Some of my loved ones are moving to the city of Singapore.
A family member who is very close to me is leaving the United States for good to move to Singapore today. He’s leaving with his wife and two kids in tow to start anew in a foreign land, and the reason? Work opportunities.
Sounds a little strange, don’t you think? That someone who’s lived in the U.S. for over 20 years (that’s how long he’s lived here) has decided to up and go elsewhere to build his career. I find it somewhat odd that things are happening in reverse here, when most people are clamoring to come into this country for a piece of the dream.
He made this decision based on the skills both he and his wife possess: they feel that they can build a stronger clientele in Asia for the type of business they’re interested in developing. It’s a dreadful loss for us here, that’s for sure, as we’ve been very happy to have such a strong, extended family network in the Bay Area whom we see regularly for support, fun and good times. We’re breaking some physical bonds here, and gaining a lot of hand-me-downs in the process (the family has had to give away and sell off most of their belongings to prepare for the relocation and first dibs goes to relations). But really, I find no silver lining in this situation: freebies don’t matter, family does.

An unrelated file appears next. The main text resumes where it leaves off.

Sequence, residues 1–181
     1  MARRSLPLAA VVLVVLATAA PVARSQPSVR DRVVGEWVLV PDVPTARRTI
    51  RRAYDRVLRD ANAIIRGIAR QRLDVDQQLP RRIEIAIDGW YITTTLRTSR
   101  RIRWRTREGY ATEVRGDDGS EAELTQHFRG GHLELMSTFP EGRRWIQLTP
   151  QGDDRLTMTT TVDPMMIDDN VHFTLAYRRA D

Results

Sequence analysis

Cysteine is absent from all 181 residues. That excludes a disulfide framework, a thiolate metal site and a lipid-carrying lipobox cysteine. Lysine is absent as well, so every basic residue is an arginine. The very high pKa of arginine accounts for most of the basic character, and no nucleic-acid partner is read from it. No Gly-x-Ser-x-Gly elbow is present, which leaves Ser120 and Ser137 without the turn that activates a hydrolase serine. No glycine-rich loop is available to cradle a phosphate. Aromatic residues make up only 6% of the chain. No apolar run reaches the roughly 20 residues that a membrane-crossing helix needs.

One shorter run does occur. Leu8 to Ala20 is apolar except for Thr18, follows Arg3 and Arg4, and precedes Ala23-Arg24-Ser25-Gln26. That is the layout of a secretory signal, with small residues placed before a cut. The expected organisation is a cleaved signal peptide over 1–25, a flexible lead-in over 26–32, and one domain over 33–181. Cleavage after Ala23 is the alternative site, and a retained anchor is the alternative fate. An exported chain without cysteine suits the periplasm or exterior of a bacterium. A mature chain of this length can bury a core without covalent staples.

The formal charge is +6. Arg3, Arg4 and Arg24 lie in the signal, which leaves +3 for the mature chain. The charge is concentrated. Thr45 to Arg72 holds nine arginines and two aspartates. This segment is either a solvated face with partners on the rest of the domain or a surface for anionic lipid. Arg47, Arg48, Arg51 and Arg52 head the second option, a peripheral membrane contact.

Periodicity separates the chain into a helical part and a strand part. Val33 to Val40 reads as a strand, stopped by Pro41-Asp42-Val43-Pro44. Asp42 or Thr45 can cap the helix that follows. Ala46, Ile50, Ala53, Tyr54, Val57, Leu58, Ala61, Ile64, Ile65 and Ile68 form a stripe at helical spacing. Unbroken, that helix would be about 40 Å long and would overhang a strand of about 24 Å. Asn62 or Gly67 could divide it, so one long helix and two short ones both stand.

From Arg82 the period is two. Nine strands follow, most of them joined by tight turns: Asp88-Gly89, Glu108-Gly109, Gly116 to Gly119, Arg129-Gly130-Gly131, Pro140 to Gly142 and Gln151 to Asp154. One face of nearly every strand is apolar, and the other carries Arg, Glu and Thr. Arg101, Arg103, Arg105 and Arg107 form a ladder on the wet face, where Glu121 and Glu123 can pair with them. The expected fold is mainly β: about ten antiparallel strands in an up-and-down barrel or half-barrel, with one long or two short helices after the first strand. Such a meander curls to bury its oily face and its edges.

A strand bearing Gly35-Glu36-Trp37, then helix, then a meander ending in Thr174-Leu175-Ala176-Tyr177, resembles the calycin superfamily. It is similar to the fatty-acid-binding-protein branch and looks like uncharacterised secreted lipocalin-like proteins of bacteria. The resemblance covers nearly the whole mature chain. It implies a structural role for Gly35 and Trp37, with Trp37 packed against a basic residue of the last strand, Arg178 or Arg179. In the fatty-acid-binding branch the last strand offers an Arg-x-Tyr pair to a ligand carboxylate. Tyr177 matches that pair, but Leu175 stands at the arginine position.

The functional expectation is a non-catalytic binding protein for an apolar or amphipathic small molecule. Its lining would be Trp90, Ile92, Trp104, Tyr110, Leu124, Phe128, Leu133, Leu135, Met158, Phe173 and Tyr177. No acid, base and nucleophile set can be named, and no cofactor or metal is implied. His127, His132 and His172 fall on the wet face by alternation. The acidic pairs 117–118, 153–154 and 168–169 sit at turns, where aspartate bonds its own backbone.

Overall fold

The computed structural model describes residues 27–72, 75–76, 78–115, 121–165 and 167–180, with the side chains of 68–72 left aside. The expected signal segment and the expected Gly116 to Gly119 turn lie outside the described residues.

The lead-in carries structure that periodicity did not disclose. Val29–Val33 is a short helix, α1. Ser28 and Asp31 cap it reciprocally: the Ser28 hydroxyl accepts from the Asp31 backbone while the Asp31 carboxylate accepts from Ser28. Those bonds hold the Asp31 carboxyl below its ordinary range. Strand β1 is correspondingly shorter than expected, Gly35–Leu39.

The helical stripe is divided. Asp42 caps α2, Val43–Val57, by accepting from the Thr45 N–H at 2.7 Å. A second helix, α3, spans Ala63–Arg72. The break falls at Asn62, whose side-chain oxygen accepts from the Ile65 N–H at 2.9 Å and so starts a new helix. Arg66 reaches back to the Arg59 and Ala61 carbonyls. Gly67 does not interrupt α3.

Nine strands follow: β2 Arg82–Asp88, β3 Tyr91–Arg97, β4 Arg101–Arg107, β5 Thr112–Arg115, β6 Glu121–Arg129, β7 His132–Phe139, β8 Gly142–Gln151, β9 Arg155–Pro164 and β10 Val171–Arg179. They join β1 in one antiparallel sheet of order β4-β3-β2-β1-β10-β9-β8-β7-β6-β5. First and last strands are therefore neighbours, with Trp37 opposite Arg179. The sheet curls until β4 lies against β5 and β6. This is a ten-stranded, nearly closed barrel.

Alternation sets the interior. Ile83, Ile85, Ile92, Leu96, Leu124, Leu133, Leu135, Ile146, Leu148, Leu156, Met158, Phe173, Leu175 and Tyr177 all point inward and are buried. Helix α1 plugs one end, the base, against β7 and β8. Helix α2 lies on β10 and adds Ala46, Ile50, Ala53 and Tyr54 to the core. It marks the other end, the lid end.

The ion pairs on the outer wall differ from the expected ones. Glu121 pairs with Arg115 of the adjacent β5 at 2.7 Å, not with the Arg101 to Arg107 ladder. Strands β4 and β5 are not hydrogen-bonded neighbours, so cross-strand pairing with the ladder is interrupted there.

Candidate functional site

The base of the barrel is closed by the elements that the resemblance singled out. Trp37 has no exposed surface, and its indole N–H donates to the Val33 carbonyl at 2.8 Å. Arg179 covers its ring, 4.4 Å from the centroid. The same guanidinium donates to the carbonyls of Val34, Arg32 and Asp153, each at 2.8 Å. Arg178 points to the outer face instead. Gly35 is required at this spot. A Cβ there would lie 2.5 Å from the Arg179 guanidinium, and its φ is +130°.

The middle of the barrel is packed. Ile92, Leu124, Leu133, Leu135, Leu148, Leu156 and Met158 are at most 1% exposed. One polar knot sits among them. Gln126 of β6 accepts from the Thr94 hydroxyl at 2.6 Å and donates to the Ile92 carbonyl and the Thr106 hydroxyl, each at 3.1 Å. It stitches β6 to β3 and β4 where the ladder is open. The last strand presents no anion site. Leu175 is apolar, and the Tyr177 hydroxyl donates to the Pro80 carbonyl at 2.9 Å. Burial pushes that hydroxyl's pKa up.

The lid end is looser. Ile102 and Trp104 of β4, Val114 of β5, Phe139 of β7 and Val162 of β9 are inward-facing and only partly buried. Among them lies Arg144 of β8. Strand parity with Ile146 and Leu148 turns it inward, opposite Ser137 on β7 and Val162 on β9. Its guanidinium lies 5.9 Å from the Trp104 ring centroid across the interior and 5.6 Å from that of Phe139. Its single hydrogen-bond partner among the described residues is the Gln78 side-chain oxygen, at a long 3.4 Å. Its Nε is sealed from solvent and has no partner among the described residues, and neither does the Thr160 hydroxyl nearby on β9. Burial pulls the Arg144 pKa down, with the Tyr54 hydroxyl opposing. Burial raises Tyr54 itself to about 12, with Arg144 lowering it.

It’s interesting how economics and finances shape families. In our case, my kids will be missing out on building relationships and enjoying the companionship of other family members their age, whom we’ll probably scarcely see through the years. I’m guessing we’ll all be much older when we see them next, and that’s what’s sad. Do you ever stop to think about how many more opportunities you’ll have to see a close relation or friend who lives far away? If you see them once a year, could you count in one hand how many more chances you’ll have to be with them?
The stories of immigrants are never easy, but we can only do the best we can.
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